A SpaceX capsule carrying three paying customers and a former NASA astronaut has arrived at the International Space Station, finishing the first leg of this first-of-its-kind mission that will last about 10 days, reports CNN.
SpaceX tourism mission
The mission launched from Kennedy Space Center in Florida on Friday morning. And the spacecraft, which separated from the rocket after reaching orbit, spent about 20 hours free flying through orbit as it maneuvered closer to the ISS.
The trip was brokered by the Houston, Texas-based startup Axiom Space, which seeks to book rocket rides, provide all the necessary training, and coordinate flights to the ISS for anyone who can afford it. It’s all in line with the US government’s and the private sector’s goal to boost commercial activity on the ISS and beyond.
On board this mission, called AX-1, are Michael Lopez-Alegría, a former NASA astronaut turned Axiom employee who is commanding the mission; Israeli businessman Eytan Stibbe; Canadian investor Mark Pathy; and Ohio-based real estate magnate Larry Connor.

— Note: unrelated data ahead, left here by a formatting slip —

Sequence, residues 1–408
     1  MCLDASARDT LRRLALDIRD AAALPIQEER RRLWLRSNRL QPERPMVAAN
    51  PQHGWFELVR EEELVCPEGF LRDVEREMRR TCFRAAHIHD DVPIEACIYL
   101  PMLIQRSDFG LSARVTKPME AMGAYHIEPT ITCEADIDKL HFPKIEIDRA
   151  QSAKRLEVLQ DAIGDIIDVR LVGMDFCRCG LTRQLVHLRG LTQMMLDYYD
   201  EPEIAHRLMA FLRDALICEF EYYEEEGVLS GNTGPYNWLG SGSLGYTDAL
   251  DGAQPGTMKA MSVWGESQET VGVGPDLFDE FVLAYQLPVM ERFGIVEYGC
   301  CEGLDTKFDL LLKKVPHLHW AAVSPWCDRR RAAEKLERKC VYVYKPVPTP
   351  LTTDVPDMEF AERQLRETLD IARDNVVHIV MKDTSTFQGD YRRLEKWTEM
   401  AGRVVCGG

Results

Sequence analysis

After reaching the ISS aboard their SpaceX Crew Dragon spacecraft, they joined seven professional astronauts already on board the space station — including three NASA astronauts, a German astronaut, and three Russian cosmonauts.
It’s not the first time paying customers or otherwise non-astronauts have visited the ISS, as Russia has sold seats on its Soyuz spacecraft for various wealthy thrill seekers in years past. But this is the first mission that includes a crew entirely comprised of private citizens with no active members of a government astronaut corps. It’s also the first time private citizens have traveled to the ISS on a US-made spacecraft.
To know everything about the trip, click here.
— Axiom Space (@Axiom_Space) April 9, 2022
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